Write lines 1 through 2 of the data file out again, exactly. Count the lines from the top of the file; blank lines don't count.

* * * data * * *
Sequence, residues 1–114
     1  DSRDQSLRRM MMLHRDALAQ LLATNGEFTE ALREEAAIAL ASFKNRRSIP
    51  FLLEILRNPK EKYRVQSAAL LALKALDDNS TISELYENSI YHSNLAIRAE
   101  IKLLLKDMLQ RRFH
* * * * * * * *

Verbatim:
Sequence, residues 1–114
     1  DSRDQSLRRM MMLHRDALAQ LLATNGEFTE ALREEAAIAL ASFKNRRSIP